Linked by Thom Holwerda on Tue 28th Oct 2008 19:02 UTC
Windows Windows 7 is out and about. Microsoft has been unusually secretive about Vista's successor, but now that PDC is under way, they have unveiled the various enhancements to the user interface. Windows 7 might not have any significant under-the-hood changes (in fact, all your applications and devices will still work), but on the outside, Windows 7 represents the biggest change for the Windows user interface ever since Windows 95 came out.
Order by: Score:
so nice
by poundsmack on Tue 28th Oct 2008 19:16 UTC
poundsmack
Member since:
2005-07-13

I love the new UI, it seems well thought out, and not overwhelming. I also hope that the option to go back to clasic mode exists (for those who fear change). over all this is good to see that Windows 7 is moving in the right direction.

Reply Score: 2

RE: so nice
by hechacker1 on Tue 28th Oct 2008 19:22 UTC in reply to "so nice"
hechacker1 Member since:
2005-08-01

With extensive use of MRU Lists I hope there is an easy way to exclude porn and other sensitive files.

They are finally reducing the number of clicks required to get things done. Frankly, 7 looks more like OS X, and that's a good thing.

And yet, just hiding system tray icons by default isn't enough. They shouldn't be allowed to install without user consent. That goes for all auto run applications.

Edited 2008-10-28 19:27 UTC

Reply Score: 4

RE[2]: so nice
by systyrant on Wed 29th Oct 2008 02:11 UTC in reply to "RE: so nice"
systyrant Member since:
2007-01-18

I think it resembles KDE 4. I'm thinking more in terms of the task bar and not so much the Windows.

Reply Score: 3

Looks familiar to me
by BigDaddy on Tue 28th Oct 2008 19:37 UTC
BigDaddy
Member since:
2006-08-10

This new set up is not that different from my old Litestep interface. The last couple of pictures look a lot like KDE to me too.

Reply Score: 5

RE: Looks familiar to me
by sakeniwefu on Tue 28th Oct 2008 21:09 UTC in reply to "Looks familiar to me"
sakeniwefu Member since:
2008-02-26

I heard they licensed KDE4. They couldn't afford that ugly thing in the right-upper corner, though.

Edited 2008-10-28 21:09 UTC

Reply Score: 6

Bill Shooter of Bul
Member since:
2006-07-14

It all looks and sounds good, but what kind of hardware will be required? How smooth will it really be? A big part of the experience running an operating system is the smoothness factor for me. How much hesitation is there when I try doing something?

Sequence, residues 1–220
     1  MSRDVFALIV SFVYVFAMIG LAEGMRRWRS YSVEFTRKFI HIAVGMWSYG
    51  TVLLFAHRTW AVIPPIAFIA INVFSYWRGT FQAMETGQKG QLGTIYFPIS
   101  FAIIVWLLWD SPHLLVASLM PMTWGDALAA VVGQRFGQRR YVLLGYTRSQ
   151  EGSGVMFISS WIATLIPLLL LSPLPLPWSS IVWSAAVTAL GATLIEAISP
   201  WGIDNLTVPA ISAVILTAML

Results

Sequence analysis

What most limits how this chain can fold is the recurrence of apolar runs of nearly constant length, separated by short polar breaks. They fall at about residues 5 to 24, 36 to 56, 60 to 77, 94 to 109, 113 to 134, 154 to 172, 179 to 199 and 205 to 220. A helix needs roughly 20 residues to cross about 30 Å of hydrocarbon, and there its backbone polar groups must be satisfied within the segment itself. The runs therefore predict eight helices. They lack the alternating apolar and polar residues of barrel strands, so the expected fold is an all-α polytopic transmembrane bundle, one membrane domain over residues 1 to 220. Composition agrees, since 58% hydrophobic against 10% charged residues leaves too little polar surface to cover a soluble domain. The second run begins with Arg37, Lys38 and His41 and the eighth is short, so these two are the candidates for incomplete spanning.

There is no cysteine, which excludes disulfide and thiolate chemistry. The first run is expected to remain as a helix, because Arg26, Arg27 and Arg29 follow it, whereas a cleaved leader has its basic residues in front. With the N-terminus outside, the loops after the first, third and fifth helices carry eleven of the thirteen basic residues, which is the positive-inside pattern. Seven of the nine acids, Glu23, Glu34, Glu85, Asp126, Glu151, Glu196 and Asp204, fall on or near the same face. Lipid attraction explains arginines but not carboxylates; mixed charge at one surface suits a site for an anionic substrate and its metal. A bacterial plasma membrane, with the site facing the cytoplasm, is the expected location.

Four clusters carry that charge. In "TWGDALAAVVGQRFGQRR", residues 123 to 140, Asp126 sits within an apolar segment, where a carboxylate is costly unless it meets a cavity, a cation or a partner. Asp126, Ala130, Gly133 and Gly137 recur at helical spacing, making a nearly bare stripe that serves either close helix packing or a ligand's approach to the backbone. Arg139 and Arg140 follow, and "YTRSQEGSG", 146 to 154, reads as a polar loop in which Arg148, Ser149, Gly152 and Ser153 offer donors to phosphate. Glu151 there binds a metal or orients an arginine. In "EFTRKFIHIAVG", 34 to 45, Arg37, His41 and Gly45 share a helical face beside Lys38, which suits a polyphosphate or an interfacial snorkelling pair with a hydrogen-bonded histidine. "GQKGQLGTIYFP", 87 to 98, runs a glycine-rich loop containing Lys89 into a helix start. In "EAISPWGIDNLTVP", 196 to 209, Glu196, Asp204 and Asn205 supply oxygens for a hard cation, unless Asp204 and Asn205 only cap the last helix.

Reply Score: 2

Thom_Holwerda Member since:
2005-06-29

It all looks and sounds good, but what kind of hardware will be required?


They say it requires the same hardware as Vista, which is totally plausible seeing nothing in Windows 7 so far seems to use any hardware tricks that Vista doesn't already support.

In fact, Sinofsky even said Windows 7 reduces the memory footprint. So who knows.

Reply Score: 3

kragil Member since:
2006-01-04

Well, so far this is just marketing bullshit.

Judging from MS track record Windows 7 will use more memory and be slower than Vista.

Unless benchmarks tell a different story a new Windows will always require more resources. That is how it has been so far.

Reply Score: 4

CodeAnxiety Member since:
2008-10-28

Actually... I believe for today's keynote Steve Sinofsky used a netbook with a 1 GHz Atom cpu and 1GB of memory.

Reply Score: 2

systyrant Member since:
2007-01-18

<sarcasm>
I'd say a dual quad core processor (3ghz+). Quad video card setup. 8GB of DDR4 memory. SSD will be required for the OS with a minimum of 64GB of free space. That of course is the Windows 7 ready system. The recommended system is still being designed by Intel.
</sarcasm>

Reply Score: 3

about time
by TechGeek on Tue 28th Oct 2008 20:10 UTC
TechGeek
Member since:
2006-01-14

Why werent these kind of changes put into Vista? Vista took so long to create, they couldnt bother testing the UI until now? Windows 7 is shaping up to be the OS Vista should have shipped as.

Reply Score: 6

RE: about time
by Thom_Holwerda on Tue 28th Oct 2008 20:14 UTC in reply to "about time"
Thom_Holwerda Member since:
2005-06-29

Windows 7 is shaping up to be the OS Vista should have shipped as.


And it took you this long to figure that out? ;)

Reply Score: 2

So.....
by segedunum on Tue 28th Oct 2008 20:13 UTC
segedunum
Member since:
2005-07-06